Student leaders expressed anger at having been left out of a meeting held between the UC president and selected student leaders at the UC Office of the President’s office in Oakland on Tuesday.
UC President Janet Napolitano, Chief Financial Officer Nathan Brostrom and a group of approximately 25 student leaders from across the UC campuses met to discuss the future of the university’s budget.
In a Facebook status, ASUC Los Angeles External Vice President Conrad Contreras said the administration held a roundtable with students “they secretly hand-picked.”
“Once again, the Office of the President is deliberately circumventing the UC Student Association because we stood up for students and called administration out on their hypocrisy,” said Kevin Sabo, University of California Student Association board chair, in a Facebook status.
It was “shameful” that UCOP hosted the meeting without executive vice presidents or elected members of the UCSA, said Caitlin Quinn, ASUC external affairs vice president.
But UC spokesperson Dianne Klein said it is incumbent on the UC president to hear diverse voices, and that those invited to the meeting represent many students.
Former UCSA president Kareem Aref said it is “absolutely problematic” that executive vice presidents across the UC campuses were left out. He said the meeting overall was a “sparse group” of students, with seemingly no representative from UC Irvine and only one representative from UC Berkeley, Student Regent Sadia Saifuddin.
Klein said, however, that not all student meetings should have to go through one specific organization, such as the UCSA, as there is a wide range of opinion among students.
ASUC Davis President Mariah Watson, who attended the meeting, said there was miscommunication about who was invited, and added that she felt disrespected by comments made about students who were actually invited to the meeting.
Saifuddin said “jumping down (the) throats” of students who attended the meeting is not constructive.
According to Aref, UCOP sought the help of students in lobbying for funding and gave an update on the “committee of two” – a committee composed of Napolitano and Gov. Jerry Brown to examine the university’s cost structure.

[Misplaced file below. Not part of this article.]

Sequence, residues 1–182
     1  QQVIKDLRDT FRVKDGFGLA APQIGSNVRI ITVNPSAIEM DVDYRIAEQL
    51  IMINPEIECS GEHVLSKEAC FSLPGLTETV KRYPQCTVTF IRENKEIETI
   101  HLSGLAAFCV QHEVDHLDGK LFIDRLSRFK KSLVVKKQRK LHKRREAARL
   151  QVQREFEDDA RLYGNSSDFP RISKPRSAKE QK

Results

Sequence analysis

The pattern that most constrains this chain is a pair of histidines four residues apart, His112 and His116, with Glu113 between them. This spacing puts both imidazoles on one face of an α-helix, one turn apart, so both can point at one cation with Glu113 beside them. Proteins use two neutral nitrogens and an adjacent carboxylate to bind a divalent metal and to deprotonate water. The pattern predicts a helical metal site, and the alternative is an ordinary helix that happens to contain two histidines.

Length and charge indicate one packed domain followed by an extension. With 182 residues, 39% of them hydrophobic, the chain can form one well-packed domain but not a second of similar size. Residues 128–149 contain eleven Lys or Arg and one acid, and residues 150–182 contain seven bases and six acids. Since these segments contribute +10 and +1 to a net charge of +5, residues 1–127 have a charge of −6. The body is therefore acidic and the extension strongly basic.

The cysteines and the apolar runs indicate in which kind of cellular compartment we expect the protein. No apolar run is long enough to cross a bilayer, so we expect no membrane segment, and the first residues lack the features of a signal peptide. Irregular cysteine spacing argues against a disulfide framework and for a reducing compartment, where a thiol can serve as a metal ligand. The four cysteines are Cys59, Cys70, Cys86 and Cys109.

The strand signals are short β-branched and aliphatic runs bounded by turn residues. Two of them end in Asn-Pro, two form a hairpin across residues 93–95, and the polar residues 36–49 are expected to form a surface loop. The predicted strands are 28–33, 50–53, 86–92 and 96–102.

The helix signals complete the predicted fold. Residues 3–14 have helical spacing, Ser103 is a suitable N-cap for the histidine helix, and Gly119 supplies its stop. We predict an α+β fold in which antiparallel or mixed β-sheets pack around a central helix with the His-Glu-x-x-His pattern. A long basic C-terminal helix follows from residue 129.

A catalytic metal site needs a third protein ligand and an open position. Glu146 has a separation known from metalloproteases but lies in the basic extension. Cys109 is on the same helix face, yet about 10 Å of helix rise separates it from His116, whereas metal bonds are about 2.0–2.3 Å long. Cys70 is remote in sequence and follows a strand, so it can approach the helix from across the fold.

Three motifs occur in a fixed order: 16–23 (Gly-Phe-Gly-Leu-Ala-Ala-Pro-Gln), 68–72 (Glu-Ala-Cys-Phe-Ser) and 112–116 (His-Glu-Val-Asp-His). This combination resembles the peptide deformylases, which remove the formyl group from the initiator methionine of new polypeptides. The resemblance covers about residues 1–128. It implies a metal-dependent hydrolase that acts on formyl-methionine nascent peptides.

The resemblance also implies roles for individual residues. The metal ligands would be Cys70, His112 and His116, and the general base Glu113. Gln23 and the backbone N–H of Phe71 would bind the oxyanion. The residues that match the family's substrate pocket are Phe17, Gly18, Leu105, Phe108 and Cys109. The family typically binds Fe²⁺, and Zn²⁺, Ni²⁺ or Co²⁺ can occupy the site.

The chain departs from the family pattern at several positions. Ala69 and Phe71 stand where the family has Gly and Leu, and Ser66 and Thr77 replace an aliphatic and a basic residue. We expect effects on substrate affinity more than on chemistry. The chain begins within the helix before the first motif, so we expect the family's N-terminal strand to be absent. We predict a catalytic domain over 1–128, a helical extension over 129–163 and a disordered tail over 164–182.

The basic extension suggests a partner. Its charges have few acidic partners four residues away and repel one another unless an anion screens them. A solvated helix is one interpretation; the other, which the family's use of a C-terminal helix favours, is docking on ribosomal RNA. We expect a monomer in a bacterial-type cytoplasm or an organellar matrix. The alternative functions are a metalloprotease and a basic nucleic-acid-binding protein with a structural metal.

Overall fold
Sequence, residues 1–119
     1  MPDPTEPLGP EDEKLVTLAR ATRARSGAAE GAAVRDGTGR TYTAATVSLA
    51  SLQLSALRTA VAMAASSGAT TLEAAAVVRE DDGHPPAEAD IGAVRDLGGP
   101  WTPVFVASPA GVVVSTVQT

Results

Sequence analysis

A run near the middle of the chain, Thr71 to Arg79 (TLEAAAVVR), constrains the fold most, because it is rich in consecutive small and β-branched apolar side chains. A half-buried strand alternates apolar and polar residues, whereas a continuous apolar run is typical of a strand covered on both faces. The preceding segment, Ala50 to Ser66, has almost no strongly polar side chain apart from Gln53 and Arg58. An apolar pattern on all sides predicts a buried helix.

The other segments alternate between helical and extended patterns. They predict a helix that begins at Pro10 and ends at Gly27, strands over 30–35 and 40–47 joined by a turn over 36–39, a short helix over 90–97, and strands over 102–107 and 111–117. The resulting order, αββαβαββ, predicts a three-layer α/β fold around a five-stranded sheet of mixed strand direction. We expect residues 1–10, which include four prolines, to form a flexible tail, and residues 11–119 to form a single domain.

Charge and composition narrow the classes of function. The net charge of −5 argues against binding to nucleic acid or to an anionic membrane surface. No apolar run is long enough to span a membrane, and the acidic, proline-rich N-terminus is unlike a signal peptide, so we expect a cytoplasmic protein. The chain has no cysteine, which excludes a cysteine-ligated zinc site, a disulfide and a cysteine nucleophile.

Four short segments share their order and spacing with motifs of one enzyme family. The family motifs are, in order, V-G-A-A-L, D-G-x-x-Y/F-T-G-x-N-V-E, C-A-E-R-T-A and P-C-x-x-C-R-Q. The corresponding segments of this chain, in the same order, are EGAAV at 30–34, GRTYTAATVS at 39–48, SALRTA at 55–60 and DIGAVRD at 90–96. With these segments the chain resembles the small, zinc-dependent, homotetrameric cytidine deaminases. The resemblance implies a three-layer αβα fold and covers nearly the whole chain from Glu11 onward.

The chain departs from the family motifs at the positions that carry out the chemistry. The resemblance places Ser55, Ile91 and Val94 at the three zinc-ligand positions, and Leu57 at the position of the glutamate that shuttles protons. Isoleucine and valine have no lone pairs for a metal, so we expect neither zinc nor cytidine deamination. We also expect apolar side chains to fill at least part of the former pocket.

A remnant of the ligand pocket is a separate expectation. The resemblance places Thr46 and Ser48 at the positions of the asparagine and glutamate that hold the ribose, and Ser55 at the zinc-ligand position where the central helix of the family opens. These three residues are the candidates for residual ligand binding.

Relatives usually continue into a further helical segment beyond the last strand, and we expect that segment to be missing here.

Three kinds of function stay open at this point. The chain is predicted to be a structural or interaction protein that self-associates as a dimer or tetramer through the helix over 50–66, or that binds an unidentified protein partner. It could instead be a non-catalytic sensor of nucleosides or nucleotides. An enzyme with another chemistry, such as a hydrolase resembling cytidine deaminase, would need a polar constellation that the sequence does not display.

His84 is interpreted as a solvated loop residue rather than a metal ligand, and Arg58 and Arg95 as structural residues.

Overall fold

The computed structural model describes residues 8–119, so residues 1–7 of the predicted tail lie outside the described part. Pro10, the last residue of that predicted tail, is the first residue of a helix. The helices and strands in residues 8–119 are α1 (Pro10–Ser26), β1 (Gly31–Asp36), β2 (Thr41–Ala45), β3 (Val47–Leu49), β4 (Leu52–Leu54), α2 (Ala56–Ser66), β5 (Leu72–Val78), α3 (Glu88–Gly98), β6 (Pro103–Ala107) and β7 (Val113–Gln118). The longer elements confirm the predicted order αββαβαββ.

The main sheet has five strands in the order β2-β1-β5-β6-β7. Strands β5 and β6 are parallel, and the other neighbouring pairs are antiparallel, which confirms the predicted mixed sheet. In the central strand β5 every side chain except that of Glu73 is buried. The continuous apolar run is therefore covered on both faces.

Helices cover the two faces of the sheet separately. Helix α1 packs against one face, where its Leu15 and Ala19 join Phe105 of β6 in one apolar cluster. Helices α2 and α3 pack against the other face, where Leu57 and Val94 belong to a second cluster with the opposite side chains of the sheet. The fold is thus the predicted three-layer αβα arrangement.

Aref said officials also mentioned a potential future opportunity for students to provide feedback to the committee. They were not explicit, however, about how those students would be selected, Watson said.
Klein said Brown has specific ideas about how the university should change, and is primarily concerned with cost-cutting. The university, according to Klein, wanted to make sure student opinions were incorporated in looking at these ideas.
UCSA has stated that they do not want to advocate with the university for increased state funding, but Klein said administrators are interested in talking to students who do.
“The UC needs more funding – whether it’s being transparent or not,” Quinn said. “So they can act like we are the bad guys, but we have been more than willing to work with them.”
Both Quinn and Watson said that often when students lobby, the university hands students talking points to read, without an avenue for student input. Additionally,
Watson said students are often consulted too late in decision-making processes, a point brought up during Tuesday’s meeting.
Watson’s biggest takeaway from the meeting, she said, was that there is no trust between the various student and administrative bodies, and a lack of communication between students and the state government.
“We don’t necessarily have to side with UCOP or the governor,” she said. “We have to side with students … regardless of what’s happening with the committee of two.”